Physical markets are also named (none in the US), with the one closest to “home” being the Pacific Mall in Toronto, (although it was dropped by USTR in last year’s report). Pacific Mall also made it onto the EU’s similar Counterfeit and Piracy Watch List in 2018. I visited the Mall a couple of years ago (see my account here) and found it more of a flea market than a hotbed of pirated and counterfeit goods, so perhaps the persistent efforts to put it in the spotlight have had some positive results.

USTR is quick to note that its Notorious Markets report, “is not an exhaustive account of all physical and online markets worldwide in which IP infringement may take place,” and it “does not make findings of legal violations nor does it reflect the U.S. Government’s analysis of the general IP protection and enforcement climate in the countries connected with the listed markets”. Yet inclusion on the list is no small matter. Last year Amazon was listed, but indirectly by naming Amazon’s websites in several countries outside the US (UK, Canada, France, Germany, India). It’s not that platforms, sites or markets distributing or facilitating the sale of pirated or counterfeit goods don’t exist inside the United States; it’s just that it’s not USTR’s practice to report on them.

Despite this, in the MPA submission there is indirect mention of several US-based entities such as Cloudflare, eBay, and Facebook Marketplace. Cloudflare has long been a problem, as I wrote about last year (here), allowing its technology to be used to shield from scrutiny pirate sites and other websites engaging in illegal activity. Its technology provides a reverse proxy functionality to hide the real IP address of a webserver. Unfortunately, Cloudflare is not too fussy about who its customers are. However, despite referencing Cloudflare and others, MPA did not specifically list any US companies for inclusion on the list. But the EU had no such hesitation, listing Cloudflare and noting in its Watch List report that the service is used by approximately forty percent of the pirate websites in the world to hide their true identity.

When it comes to compiling the list, most of the research and heavy lifting is done by US trade associations and others who file submissions identifying problem markets or services. Besides the film industry, other sectoral trade associations that usually “comment” to USTR represent the music industry, video and electronic games, publishing, footwear and apparel, technology, computer software and some others. As comments are posted, rebuttals and clarifications are sometimes also submitted during the process by entities protesting their potential inclusion, although the most egregious dedicated pirate and counterfeit sites do not bother, precisely because they have decided to ignore US law and trade actions.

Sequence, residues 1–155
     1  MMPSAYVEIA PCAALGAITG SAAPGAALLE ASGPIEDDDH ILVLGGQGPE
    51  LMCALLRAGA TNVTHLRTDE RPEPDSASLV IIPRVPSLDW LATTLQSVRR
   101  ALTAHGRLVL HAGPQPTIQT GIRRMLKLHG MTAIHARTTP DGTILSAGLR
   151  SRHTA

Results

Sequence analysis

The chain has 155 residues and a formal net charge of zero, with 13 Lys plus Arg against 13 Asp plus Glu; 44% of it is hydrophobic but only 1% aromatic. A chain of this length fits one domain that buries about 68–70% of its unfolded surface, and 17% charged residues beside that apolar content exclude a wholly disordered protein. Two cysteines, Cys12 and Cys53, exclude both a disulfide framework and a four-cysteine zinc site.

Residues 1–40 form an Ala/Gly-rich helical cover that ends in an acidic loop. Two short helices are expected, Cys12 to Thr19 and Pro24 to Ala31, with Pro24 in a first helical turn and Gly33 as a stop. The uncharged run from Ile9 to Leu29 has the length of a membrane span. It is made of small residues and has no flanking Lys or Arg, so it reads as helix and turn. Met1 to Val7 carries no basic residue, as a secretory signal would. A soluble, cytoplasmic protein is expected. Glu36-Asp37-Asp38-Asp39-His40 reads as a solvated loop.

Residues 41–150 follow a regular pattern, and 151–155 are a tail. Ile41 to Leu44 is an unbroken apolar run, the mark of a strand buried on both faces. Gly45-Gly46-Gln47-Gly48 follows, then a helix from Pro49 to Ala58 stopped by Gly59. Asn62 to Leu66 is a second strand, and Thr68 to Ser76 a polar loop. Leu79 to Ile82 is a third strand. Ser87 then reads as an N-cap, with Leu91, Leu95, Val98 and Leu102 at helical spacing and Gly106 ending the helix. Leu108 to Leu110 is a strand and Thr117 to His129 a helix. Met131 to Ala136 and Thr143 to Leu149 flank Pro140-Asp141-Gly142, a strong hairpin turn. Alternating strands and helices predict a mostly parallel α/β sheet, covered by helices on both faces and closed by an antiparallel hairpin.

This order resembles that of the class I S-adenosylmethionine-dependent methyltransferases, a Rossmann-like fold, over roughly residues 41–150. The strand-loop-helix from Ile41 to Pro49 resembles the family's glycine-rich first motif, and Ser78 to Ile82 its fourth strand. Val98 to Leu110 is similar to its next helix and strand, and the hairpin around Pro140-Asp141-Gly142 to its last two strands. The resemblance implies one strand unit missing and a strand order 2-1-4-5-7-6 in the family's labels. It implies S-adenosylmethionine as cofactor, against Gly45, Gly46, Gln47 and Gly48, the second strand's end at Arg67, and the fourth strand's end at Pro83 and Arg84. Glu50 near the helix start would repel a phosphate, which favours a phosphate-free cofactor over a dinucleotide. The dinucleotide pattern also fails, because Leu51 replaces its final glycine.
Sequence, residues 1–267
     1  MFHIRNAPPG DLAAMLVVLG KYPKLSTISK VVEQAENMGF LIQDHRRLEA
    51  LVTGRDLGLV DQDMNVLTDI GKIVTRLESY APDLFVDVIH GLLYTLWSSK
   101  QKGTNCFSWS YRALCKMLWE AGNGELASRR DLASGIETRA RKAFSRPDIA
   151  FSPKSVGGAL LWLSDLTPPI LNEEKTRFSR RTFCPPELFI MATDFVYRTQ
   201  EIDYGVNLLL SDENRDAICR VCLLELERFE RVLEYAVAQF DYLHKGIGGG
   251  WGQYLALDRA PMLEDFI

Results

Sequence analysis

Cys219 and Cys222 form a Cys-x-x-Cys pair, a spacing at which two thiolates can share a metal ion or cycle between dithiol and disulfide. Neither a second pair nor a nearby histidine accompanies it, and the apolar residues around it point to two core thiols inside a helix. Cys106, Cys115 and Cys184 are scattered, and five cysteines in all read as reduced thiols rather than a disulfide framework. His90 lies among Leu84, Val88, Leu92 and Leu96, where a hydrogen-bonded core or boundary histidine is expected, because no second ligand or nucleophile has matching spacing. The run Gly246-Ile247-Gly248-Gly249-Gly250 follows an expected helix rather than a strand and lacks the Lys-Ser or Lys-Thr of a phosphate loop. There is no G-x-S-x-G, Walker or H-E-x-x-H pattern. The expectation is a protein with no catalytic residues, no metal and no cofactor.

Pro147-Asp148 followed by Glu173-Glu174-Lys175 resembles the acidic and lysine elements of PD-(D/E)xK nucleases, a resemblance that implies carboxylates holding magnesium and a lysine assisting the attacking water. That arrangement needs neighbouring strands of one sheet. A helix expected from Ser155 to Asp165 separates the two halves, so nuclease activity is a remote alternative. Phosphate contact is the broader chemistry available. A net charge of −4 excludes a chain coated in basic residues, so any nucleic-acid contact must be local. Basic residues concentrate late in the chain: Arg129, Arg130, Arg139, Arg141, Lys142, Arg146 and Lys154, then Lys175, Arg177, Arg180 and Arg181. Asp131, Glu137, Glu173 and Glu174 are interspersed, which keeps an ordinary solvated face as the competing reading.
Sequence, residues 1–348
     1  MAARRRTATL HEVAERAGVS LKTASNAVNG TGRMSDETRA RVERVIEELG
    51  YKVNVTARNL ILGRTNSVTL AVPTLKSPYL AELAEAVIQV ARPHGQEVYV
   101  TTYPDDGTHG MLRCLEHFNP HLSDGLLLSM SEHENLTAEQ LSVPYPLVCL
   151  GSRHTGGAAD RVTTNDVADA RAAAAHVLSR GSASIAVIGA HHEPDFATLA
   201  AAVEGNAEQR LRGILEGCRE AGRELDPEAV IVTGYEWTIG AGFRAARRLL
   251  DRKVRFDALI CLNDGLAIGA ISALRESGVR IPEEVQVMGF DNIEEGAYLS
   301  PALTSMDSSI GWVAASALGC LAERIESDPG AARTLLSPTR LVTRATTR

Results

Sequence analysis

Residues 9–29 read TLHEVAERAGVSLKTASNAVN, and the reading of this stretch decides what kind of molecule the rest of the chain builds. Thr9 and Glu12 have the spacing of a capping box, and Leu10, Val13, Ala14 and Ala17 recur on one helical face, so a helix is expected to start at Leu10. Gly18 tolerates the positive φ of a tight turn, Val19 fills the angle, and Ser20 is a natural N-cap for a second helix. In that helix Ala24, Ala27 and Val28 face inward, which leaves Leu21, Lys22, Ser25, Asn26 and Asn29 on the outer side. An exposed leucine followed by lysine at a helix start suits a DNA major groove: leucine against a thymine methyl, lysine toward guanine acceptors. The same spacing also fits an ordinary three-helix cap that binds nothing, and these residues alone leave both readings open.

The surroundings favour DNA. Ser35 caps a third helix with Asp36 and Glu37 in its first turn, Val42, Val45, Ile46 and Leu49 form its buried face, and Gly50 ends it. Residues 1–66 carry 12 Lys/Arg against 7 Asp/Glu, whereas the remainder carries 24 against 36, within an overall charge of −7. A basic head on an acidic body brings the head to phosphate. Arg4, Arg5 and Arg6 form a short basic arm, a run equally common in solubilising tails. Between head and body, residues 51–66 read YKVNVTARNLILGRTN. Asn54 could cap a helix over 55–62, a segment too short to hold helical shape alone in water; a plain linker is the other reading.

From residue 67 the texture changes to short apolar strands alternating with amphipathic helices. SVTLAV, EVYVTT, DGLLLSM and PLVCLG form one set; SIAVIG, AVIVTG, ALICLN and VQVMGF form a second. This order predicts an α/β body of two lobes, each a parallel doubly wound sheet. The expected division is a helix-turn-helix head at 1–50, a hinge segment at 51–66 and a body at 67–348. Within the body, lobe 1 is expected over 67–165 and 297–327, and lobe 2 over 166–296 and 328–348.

Not all the submissions are from industry or those targeted, however. This year, the online journal TorrentFreak highlighted an interesting submission from a Las Vegas based legal practitioner and self-described “concerned taxpayer”, Jim Zhou. According to Zhou, the Notorious Markets List has just the opposite effect from that intended. Rather, it operates as a facilitator of the traffic that it seeks to prevent. He argues that;

“By giving it an official seal of notoriety, the presence of this regulation effectively becomes advertising and an unwitting endorser of the services or product.”

It’s almost as if a pirate website or illicit merchant could advertise “Selected for the US Government’s Notorious Markets List for the Fifth Year Running!” If consumers of pirated content or counterfeit goods want to find out where to find the best range of product, according to Zhou they need look no further than USTR’s annual report. It becomes a sort of Consumer Reports for those researching the “best” pirate and counterfeit products. He argues that not only will consumers of illicit products use the report to find what they seek, but statistics on the numbers of users per illicit site reported by USTR is useful information for advertisers seeking to reach consumers of these products, and for the sites themselves to market themselves to advertisers. The list is given wide media coverage every year.

It’s an interesting argument, albeit one that deserves to be approached with a healthy degree of skepticism. Is there any proof that an illicit site’s business surges once it has been elevated to USTR’s hit parade? None that I know of. In fact, there is a chicken-and-egg element to this because a site or service would not be on the list if was not already “successful” to some degree, having attracted the attention of legitimate providers of services, products and content that want to put it out of business.